Nullity – Annulment
In some cases, it may be possible to apply for an annulment of a marriage by presenting a nullity petition rather than a divorce petition. Annulment is a declaration by the Court that a marriage was not legally valid or had become invalid.
Unlike a divorce petition, a nullity petition can be presented within the first year of marriage. An application will need to be made within a reasonable period of time (usually within three years)
A marriage may be annulled if the marriage is void or voidable.
- A void marriage is one that is regarded by the court as never having taken place; it is completely invalid from the outset.
- A voidable marriage is regarded as a valid marriage subsisting until a decree annulling it has been pronounced.
To establish that a marriage is void, one of the following grounds must be proved:-
- The parties are within prohibited degrees of relationship.
- One of the parties to the marriage was under the age of 16 at the time of marriage.
- The parties have intermarried in disregard of certain requirements as to the formation of marriage.
- At the time of the marriage, one of the parties was already lawfully married or a civil partner.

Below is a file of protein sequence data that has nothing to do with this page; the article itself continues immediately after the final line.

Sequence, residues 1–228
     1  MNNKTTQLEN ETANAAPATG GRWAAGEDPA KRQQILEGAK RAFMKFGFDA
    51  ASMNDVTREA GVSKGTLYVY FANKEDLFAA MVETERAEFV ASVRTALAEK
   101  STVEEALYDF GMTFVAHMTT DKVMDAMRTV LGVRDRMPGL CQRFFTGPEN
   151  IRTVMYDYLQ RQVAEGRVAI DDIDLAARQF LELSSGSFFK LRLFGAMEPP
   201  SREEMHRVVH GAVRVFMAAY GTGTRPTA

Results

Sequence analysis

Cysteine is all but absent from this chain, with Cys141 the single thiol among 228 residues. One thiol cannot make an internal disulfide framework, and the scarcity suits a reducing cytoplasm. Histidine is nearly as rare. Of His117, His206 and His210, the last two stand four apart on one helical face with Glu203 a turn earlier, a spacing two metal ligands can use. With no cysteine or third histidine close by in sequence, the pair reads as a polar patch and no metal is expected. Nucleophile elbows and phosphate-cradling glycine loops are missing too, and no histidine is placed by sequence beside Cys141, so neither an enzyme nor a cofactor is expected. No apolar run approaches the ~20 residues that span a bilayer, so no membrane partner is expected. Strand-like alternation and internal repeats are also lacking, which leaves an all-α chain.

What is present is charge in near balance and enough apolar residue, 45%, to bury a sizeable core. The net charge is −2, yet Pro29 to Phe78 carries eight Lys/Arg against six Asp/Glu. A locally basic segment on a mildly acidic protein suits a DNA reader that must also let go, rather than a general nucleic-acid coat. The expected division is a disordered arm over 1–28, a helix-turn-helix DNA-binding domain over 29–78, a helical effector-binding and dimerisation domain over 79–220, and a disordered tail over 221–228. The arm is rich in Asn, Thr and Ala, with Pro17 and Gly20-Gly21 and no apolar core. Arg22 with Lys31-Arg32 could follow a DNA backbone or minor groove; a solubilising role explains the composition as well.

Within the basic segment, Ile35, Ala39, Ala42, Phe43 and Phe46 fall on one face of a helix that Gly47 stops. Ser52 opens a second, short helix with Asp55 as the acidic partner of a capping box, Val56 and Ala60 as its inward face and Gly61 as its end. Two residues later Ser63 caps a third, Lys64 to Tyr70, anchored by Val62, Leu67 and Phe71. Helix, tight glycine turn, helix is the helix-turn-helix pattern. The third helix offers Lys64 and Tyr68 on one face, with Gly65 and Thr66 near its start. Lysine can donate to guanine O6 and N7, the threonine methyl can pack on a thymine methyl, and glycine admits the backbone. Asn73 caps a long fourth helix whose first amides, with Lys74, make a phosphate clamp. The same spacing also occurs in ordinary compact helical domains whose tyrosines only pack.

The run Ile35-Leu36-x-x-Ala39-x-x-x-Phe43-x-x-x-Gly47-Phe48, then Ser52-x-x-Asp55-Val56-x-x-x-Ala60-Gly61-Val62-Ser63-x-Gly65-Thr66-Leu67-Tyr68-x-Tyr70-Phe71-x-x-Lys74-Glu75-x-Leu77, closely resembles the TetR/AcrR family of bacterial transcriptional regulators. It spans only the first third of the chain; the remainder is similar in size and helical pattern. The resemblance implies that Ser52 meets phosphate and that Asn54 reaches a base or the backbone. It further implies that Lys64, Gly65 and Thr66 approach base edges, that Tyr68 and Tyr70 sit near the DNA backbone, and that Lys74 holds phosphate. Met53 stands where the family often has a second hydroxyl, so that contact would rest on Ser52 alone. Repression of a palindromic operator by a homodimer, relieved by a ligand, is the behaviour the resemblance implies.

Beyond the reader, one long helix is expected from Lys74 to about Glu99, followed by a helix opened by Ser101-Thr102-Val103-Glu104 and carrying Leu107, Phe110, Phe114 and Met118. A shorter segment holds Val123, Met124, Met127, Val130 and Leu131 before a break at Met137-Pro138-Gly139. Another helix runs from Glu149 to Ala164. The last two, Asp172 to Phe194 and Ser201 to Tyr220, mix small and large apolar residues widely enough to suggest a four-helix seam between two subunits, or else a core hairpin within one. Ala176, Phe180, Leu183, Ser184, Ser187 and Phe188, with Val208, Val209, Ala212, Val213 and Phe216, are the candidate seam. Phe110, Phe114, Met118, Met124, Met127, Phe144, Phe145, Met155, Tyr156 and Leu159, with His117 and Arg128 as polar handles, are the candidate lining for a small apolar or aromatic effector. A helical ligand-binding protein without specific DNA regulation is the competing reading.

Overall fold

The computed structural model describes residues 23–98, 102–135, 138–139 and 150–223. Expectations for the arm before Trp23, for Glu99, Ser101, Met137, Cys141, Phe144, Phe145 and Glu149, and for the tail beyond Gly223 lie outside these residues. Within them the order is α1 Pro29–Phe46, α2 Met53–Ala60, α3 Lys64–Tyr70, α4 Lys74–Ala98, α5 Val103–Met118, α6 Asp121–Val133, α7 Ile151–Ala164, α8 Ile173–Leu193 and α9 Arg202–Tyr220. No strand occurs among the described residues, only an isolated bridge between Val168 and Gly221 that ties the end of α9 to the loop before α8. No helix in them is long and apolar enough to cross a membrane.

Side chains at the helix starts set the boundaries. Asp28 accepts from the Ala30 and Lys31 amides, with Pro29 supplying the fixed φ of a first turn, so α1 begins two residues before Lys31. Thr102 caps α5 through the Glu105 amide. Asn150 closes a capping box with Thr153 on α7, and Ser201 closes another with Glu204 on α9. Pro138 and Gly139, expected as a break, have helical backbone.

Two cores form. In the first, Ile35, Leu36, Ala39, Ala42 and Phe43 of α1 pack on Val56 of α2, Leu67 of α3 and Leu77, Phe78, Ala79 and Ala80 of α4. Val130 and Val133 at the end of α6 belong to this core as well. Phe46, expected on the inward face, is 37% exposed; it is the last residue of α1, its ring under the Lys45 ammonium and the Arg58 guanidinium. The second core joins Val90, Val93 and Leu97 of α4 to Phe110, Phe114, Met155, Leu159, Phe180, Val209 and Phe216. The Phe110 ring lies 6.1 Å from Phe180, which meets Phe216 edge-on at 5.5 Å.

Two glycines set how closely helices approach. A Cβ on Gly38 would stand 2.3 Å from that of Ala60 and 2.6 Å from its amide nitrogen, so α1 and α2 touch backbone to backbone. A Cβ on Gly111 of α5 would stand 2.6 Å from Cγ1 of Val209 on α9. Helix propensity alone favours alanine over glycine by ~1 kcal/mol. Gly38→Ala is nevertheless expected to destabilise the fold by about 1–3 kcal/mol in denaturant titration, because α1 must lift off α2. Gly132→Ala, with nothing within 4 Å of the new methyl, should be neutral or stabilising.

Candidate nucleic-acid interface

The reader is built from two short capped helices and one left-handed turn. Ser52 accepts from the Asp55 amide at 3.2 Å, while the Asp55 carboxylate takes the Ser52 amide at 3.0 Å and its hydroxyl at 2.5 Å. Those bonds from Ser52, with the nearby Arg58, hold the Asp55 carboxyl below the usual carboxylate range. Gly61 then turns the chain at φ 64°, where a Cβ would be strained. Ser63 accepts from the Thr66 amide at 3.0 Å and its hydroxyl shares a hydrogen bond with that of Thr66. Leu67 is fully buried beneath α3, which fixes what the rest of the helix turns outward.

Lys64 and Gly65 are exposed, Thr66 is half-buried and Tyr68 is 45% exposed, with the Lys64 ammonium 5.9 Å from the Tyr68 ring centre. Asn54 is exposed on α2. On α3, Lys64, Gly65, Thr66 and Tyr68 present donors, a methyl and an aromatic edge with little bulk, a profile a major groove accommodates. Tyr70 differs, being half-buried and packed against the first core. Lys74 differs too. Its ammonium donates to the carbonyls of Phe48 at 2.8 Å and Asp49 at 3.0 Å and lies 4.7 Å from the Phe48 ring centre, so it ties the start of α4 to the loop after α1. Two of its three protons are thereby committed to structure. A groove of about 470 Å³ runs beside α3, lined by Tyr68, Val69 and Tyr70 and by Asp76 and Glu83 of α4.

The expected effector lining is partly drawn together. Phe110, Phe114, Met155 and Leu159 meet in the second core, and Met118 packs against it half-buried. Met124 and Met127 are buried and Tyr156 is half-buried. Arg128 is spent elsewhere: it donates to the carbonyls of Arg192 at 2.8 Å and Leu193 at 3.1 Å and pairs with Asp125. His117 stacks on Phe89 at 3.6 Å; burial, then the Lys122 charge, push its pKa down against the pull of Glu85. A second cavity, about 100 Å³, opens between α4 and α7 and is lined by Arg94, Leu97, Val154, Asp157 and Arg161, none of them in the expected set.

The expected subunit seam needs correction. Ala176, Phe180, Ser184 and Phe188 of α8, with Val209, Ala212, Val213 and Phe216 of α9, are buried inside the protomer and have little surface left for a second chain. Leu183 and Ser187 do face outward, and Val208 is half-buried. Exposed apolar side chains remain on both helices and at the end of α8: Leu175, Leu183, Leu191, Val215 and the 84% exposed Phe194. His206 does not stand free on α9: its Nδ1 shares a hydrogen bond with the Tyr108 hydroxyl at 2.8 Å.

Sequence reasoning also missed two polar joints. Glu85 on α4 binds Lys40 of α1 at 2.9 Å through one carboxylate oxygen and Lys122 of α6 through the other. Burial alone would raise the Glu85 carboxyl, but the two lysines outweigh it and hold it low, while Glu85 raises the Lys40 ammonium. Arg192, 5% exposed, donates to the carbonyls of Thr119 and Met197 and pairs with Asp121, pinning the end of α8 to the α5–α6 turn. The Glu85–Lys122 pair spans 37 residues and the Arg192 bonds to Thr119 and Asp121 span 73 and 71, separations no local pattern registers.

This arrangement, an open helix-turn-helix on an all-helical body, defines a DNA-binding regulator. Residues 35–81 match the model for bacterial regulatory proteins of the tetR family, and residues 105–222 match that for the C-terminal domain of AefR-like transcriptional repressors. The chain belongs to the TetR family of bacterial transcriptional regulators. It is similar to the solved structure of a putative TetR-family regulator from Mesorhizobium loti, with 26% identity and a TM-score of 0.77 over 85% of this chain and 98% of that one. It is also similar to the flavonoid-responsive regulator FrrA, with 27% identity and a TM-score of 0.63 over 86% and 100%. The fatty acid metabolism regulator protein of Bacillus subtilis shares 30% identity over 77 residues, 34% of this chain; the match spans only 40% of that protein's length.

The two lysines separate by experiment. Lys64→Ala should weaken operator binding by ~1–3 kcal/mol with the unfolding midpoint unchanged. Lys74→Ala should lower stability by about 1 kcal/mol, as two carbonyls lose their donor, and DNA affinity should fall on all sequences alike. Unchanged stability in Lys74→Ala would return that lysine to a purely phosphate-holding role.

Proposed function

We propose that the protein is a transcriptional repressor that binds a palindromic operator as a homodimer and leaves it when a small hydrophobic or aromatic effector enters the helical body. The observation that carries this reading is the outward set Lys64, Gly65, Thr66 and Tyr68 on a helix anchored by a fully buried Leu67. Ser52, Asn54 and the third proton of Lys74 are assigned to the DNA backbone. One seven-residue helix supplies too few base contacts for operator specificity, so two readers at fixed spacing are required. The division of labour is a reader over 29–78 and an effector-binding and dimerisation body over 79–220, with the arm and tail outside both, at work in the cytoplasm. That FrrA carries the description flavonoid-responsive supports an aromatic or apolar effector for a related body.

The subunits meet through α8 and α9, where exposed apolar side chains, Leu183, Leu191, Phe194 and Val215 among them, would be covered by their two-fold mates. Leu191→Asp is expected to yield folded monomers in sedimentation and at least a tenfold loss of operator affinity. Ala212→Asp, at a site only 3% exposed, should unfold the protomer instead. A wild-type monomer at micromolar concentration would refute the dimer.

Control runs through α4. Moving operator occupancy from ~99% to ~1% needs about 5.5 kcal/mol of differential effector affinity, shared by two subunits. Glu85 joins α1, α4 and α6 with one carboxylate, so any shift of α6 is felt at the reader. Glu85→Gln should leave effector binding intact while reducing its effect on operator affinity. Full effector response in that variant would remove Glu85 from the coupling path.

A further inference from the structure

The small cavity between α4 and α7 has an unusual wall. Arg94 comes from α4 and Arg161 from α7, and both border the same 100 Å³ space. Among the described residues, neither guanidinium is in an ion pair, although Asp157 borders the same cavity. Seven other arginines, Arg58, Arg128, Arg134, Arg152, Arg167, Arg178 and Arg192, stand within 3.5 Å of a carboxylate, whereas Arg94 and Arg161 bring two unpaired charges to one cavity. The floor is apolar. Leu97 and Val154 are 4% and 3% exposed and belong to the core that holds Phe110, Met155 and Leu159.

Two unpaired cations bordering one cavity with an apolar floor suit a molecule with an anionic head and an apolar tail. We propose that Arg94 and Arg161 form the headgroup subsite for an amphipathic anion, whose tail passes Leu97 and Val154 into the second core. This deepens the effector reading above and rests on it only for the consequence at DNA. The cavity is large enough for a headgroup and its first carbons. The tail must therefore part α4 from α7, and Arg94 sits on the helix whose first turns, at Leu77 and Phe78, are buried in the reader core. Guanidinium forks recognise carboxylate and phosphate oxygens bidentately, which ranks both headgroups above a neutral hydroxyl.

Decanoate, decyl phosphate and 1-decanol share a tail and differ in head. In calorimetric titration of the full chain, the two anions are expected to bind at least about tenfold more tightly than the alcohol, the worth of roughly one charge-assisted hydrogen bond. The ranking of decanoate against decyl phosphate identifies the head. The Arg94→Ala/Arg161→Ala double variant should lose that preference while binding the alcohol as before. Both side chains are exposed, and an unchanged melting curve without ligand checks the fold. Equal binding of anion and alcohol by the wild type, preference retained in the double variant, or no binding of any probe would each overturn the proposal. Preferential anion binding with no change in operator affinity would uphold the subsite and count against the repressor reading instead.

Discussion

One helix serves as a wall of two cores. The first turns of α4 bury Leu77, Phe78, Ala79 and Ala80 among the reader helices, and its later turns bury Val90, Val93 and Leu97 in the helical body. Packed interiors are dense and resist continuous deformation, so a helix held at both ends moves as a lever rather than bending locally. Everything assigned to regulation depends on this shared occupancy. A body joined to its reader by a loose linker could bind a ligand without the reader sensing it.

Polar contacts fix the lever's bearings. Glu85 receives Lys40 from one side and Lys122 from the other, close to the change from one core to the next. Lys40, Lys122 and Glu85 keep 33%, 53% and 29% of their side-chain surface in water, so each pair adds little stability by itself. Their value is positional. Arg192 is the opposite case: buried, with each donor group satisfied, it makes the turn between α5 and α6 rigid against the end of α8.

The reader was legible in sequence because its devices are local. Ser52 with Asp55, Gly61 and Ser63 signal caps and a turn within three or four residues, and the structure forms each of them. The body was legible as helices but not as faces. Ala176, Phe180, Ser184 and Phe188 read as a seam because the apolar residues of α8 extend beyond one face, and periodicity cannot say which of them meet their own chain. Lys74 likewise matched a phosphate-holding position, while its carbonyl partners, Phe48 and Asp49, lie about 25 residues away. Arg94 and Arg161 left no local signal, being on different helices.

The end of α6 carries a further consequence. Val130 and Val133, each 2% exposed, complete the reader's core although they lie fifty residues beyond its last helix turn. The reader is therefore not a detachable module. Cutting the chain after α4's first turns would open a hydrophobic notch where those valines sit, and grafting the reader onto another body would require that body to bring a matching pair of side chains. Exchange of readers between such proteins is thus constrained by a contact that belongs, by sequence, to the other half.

- In the case of a polygamous marriage entered into outside England and Wales, one party was at the time of the marriage domiciled in England and Wales.
The grounds upon which a marriage can be voidable are:-
- The marriage was not consummated owing the incapacity of one of the parties to consummate it (this does not apply to marriages of same sex couples).
- The marriage was not consummated owing to the wilful refusal of the other party to consummate it (again, this will not apply to the marriages of same sex couples).
- Either party to the marriage did not validly consent to it, whether as a result of duress, mistake, unsoundness of mind or otherwise.
- At the time of the marriage, either party, though capable of giving a valid consent, was suffering from a mental disorder (within the meaning of the Mental Health Act 1983) of such a kind or to such an extent as to be unfitted for marriage.
- At the time of the marriage the other party was suffering from venereal disease in a communicable form.
- At the time of the marriage the other party was pregnant by some person other than the party applying (husband).
- An interim gender recognition certificate under the Gender Recognition Act 2004 has, after the time of the marriage, been issued to either party to the marriage.
- The other party is a person whose gender at the time of the marriage has become the acquired gender under the Gender Recognition Act 2004.
(Some of the grounds in applying for an annulment of a civil partnership differ).
Contact our nullity/annulment solicitors in Ruislip, Middlesex
The grounds for obtaining an annulment are not always straight forward. You should discuss the particular circumstances of your case with a Family Lawyer who specialises in this area of law, by calling 020 3856 8156 or complete our online enquiry form.